For 1600 lucky Primary pupils and their teachers, 19th June was no typical Monday. Marking the first ever LitFilmFest, 7-11 year olds from across the country were invited to the London BFI IMAX to watch their filmmaking and writing efforts projected onto the biggest screen in Britain!
Motivated by the writing and filmmaking efforts of classrooms across the country, this summer we’re hosting the very first LitFilmFest. This one-day event, taking place on Monday 19th June, will champion KS2 pupils’ writing and cinematic efforts, with winning classes shooting their films professionally before watching them on the biggest screen in Britain - the BFI London IMAX.
Filmmaking projects that inspire, empower and improve literacy attainment in the classroom. Children at Tubbenden Primary School in Bromley recently completed a literacy and filmmaking project by A Tale Unfolds – a social enterprise (formed of teachers) striving to improve children’s literacy skills through digital storytelling and filmmaking.
Here, two Year 6 teachers from the school, Laura Venn and Sarah Davey, discuss their experiences of using one of the projects as well as the impact that a digital literacy focus had on their pupils:
In June this year, 1500 7-11 year olds, teachers and parents will get to see their youngsters' work on the British Film Institute (BFI) IMAX’s cinema screen as part of a new initiative to improve literacy using filmmaking. The Lit Film Fest, featuring films written, performed and filmed entirely by Primary school pupils, is soon to hit Britain's biggest cinema screen. Powered by A Tale Unfolds and supported by Innovate My School, the festival will premier at the BFI IMAX Cinema in Waterloo, London, allowing children aged 7-11 see their work showcased on the 20 x 26 metre screen!
The standards of a pupil’s literacy should, in my opinion, be not only measured by how adept they are at reading written texts, but also their ability to read media texts, too, especially in this case film. However, when the 2016 Programmes of Study for English were published, all mention of film, indeed of most media texts, had vanished and instead we were handed a throwback curriculum full of, well, dead white dudes.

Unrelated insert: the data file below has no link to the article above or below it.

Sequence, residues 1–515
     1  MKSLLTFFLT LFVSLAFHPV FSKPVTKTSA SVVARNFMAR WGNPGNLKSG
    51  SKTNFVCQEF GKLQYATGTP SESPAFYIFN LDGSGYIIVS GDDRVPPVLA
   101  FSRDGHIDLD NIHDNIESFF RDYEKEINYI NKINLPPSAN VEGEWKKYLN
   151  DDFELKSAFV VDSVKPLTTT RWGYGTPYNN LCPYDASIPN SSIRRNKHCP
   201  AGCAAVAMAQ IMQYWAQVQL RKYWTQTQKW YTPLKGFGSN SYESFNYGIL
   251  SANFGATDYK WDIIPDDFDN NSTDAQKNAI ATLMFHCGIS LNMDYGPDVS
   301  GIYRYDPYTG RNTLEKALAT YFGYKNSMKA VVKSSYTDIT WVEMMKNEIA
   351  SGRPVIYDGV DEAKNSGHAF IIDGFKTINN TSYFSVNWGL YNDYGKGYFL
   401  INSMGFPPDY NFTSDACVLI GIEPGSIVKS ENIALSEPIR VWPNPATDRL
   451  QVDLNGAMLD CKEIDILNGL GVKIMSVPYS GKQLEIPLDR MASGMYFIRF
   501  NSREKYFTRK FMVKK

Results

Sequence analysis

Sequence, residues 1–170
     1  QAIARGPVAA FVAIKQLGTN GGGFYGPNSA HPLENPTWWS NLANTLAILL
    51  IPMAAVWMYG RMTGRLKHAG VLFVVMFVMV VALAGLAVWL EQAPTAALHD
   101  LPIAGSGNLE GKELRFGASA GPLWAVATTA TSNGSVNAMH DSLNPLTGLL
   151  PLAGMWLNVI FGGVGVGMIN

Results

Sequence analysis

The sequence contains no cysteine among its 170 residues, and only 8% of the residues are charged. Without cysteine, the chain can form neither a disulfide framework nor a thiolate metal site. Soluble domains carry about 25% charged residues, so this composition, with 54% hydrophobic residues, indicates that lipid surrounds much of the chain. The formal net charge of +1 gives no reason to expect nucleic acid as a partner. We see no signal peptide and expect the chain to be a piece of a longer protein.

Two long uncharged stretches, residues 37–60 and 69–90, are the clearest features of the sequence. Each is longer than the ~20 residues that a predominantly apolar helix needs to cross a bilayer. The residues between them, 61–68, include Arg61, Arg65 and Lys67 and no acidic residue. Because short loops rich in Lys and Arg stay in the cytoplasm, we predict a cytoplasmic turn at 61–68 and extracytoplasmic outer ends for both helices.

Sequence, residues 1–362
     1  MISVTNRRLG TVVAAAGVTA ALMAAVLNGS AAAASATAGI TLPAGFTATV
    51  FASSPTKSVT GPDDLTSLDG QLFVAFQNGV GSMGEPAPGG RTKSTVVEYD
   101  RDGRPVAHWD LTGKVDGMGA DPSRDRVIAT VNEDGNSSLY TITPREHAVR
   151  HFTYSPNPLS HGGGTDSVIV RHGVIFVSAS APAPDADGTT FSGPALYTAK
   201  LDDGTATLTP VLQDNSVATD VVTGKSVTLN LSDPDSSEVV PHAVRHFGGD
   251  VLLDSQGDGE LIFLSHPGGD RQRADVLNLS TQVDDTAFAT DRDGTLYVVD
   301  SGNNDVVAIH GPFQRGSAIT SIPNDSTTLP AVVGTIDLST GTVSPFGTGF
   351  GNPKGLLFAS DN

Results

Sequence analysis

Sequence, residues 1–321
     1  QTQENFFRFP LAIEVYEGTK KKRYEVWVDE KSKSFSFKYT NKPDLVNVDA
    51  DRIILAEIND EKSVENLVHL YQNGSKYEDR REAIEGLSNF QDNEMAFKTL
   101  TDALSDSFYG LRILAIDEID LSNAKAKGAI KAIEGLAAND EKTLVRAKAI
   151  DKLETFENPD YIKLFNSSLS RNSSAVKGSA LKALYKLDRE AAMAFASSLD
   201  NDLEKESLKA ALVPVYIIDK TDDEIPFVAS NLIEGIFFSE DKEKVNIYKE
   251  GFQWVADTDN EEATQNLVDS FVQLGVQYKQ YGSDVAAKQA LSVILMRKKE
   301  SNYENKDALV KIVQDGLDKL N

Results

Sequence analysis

Think tension. Think Music. Think a knife and a shower curtain. Think a rocking boat and glinting teeth...
When teaching my pupils about tension in narrative, I turn to film scores. We’ve all been there: a darkened cinema, the heavy breathing of a potential victim, the slow building music, an increase in heart rate. The scene reaches its climax and the victim is caught by the ghost/vampire/serial killer/rabbit. Now play the scene without the music. Does it have the same impact? Does your heart beat in quite the same way? Why does a building “duh duh…duh duh” have us sprinting for the shore?
I’m probably showing my age with this story. I was 14. It was after a sports lesson. I was tired. It was Geography. The teacher arrived at the classroom in an excited state. We were going to the A.V. room. This was indeed exciting. You must understand that this was before the days of interactive whiteboards, YouTube - using computers, indeed. Classrooms were not equipped to show moving images, so we all had to decamp to a different room set up for this very purpose. It was not even in the same block.
There seems to be a recurring theme to my lessons of late: I can link any learning moment to a Disney and/or Pixar reference. Some may see this as a distraction or a problem, but I’m in constant contact with my inner child and honestly, the students almost always get it. I was particularly proud of my efforts in a single Year 7 Science lesson one morning. We have been learning about food chains and webs and relationships between organisms. Enter the first reference:
A series of curriculum-linked resources and new teacher training from the education charity Into Film invites teachers and students to explore issues relating to online safety using the magic of the moving image. Created, respectively, for Key Stage 2 (or equivalent), Key Stage 3 and 4, and Key Stage 5, the charity’s Staying Safe Online resource – featuring teachers’ notes and Powerpoint presentations - uses carefully selected films and related activities to help educate young people on how to use technology safely and respectfully, in keeping with the Safer Internet Day 2016 theme ‘Play Your Part for a Better Internet’.
Innovate My School agony aunt and TechnoTeaching co-author Nicole Ponsford takes a look at the challenges facing teachers today.
Many people are thinking about Easter eggs and sprucing up their garden furniture at this point of the year. However, for us in the teaching world, things aren’t quite as sunny. It is, after all, the peak of the interview season (for September ‘15 starts), the time when it hits you that the exam timetable is a bit too close for comfort and if you haven't had your inspection yet, you know that you are running on borrowed time (mainly due to all of the last minute LT requests for data).